Veterans Day

A day of remembrance.

Photo courtesy of Unsplash

Photo courtesy of Unsplash

Brianna Mayhair, News Editor

November 11, 2020, is Veterans Day, but also marks the 75th anniversary of WWII ending, the 70th anniversary of the Korean War starting, the end of the Panama Invasion, and the start of Desert Shield.   Many individuals see Veterans Day as a day off from school or work, but it has a much deeper meaning than that.  Veterans Day is a day of remembrance and appreciation of American veterans who have served our country.    

What is a veteran? SSG Steven Mayhair explained what makes someone a veteran and its importance.  

“Title 38 of the Code of Federal Regulations defines a veteran as ‘a person who served in the active military, naval, or air service and who was discharged or released under conditions other than dishonorable’” SSG Mayhair said. “This definition explains that any individual that completed a service for any branch of armed forces classifies as a veteran as long as they were not dishonorably discharged.” 

Some individuals who have served or are currently serving explained what Veterans Day means to them and how they celebrate the holiday.   

Veterans Day means to honor all our brothers and sisters, past and present that have worn the military uniform and served our country under oath to protect us from enemies foreign and domestic.” SSG Mayhair said.  “It affects me because I’ve served in the Army on active duty, in the Reserves and now in the ND National Guard and I feel very blessed that I am able to contribute to fighting for the freedoms most of us take for granted.  I feel an obligation to serve and protect remembering those who have been wounded or given the ultimate sacrifice to keep us free.  I like to remember my dad who was in the Army and went to Vietnam, my brother who was in the Air Force and served multiple overseas tours and my brother-in-law who served in the ND National Guard and fought in Iraq.”  

Sgt. (Ret.) Curtis Klein explained what Veterans Day means to him and how it personally affects him as a veteran.   

“Veterans Day means a great deal to me. It’s one day that I have earned my way into the “brotherhood” of arms by serving this great country in a war zone.” Sgt. (Ret.) Klein said. “When it comes down to it, it’s all about the “brotherhood” because you are fighting for the people beside you and not about what the war represents. It personally affects me as I reflect on my years of service and the men we lost while in combat and more since we’ve been home.”   

A Vietnam veteran explained that not just those who have served should celebrate, but everyone in our country.   

“It’s a special day that should be celebrated by everyone, not just veterans.  This day personally affects me because I served in Vietnam.”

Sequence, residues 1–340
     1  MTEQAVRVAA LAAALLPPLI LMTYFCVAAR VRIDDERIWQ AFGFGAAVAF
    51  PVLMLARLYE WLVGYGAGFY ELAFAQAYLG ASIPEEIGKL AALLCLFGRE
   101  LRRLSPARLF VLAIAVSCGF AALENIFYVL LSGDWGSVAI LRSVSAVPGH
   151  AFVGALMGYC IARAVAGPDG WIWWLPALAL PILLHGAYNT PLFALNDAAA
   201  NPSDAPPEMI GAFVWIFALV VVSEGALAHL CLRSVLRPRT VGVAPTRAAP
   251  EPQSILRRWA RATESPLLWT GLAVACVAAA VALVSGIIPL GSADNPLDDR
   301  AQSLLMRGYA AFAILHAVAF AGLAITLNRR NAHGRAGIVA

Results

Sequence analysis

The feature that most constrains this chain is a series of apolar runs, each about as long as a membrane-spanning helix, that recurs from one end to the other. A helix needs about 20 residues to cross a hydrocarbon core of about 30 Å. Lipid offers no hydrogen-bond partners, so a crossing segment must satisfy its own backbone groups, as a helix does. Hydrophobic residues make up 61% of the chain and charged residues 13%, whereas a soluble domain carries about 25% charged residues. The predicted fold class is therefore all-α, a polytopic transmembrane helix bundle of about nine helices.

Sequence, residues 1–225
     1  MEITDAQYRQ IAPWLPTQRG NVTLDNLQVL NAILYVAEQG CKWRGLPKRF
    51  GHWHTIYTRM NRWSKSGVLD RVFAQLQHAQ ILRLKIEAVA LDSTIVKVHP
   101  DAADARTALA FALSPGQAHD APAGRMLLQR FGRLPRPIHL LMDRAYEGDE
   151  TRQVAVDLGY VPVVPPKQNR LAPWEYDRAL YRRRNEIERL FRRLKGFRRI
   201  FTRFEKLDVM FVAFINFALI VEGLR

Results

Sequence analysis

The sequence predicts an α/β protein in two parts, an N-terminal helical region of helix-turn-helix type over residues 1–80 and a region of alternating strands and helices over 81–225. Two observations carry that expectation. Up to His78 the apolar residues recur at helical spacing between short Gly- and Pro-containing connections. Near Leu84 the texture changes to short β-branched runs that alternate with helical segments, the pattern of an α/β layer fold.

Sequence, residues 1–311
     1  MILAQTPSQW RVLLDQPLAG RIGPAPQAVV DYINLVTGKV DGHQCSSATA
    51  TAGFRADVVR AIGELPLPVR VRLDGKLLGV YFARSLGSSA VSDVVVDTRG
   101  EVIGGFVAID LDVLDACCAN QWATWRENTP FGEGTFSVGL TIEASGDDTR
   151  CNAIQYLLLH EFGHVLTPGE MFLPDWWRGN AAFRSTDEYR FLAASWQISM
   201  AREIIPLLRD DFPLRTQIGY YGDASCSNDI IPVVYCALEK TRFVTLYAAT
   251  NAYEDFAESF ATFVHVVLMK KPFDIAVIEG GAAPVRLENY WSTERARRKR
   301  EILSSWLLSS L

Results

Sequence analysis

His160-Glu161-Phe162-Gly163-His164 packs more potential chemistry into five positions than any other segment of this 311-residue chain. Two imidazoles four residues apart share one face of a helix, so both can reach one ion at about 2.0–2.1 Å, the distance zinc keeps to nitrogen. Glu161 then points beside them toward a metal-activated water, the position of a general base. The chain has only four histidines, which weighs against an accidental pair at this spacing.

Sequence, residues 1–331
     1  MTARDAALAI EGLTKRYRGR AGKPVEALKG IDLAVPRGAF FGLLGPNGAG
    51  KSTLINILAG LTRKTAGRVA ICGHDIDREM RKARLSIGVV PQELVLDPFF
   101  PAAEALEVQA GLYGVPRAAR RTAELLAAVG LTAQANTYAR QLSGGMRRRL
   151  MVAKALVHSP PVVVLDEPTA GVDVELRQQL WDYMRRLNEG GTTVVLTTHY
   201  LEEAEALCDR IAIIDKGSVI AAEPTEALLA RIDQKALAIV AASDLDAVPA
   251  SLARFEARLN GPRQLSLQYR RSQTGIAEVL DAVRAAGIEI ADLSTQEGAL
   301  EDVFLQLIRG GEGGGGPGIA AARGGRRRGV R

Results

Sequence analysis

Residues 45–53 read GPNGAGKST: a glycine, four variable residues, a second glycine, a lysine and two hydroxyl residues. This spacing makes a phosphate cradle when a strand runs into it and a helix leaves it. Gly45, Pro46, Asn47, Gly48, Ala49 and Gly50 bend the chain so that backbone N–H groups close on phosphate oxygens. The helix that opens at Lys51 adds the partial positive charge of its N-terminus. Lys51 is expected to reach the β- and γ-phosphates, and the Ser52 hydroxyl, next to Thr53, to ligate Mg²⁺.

When asked how they celebrate, they each explained they all have their own way of remembering those who have served our country.  

“I like to take a moment in the day to thank God for all who have served and to go by the Fallen Soldier Memorial at the Civic Center on my run.” SSG Mayhair said.   

Sgt. (Ret.) Klein explained how he changes the way he celebrates, but always dedicates time to reflect and remember those who have served.   

“Every year I celebrate it differently.” Sgt. (Ret.) Klein said. “If I can go out and get a meal or do something like that, I will. Some years I will just stay home and avoid the crowds and reflect in peace. Look at some pictures that I have from my Iraq deployment. This year I will just spend it with my daughter and see what we can find to enjoy together.” 

A Vietnam veteran explained that he flies the American flag at his home and visits with other veterans to pay his respects to the holidayHe explained that Veterans Day isn’t celebrated the way it should be because people are not educated on the meaning behind the holiday. He explained if more people knew the true meaning, more would celebrate.  

Once known as Armistice Day, Veterans Day has a long history and has had some changes along the way. Sgt. (Ret.) Klein explained how Veterans Days has changed for him throughout his life.  

“Veterans Day has changed a lot throughout my life.” Sgt. (Ret.) Klein said. “I was too young to realize the magnitude and significance of what people go through and how they are affected before I joined the military. Like so many before me, I was in combat zone when I was 20 years old. I had so many wonderful memories and I have met so many great people throughout my military career and I wouldn’t change any of it. Veterans Day for me is about the places I’ve gone, people I’ve met, and people I’ve been able to serve.” 

Thank you to all those who have served as well as those who are currently serving.  This Veterans Day thank a veteran and all the sacrifices they have made as well as remembering those who are no longer with us.   

For more information on Veterans Day, go to or

Brianna Mayhair is the Dakota Student News Editor. She can be reached at [email protected]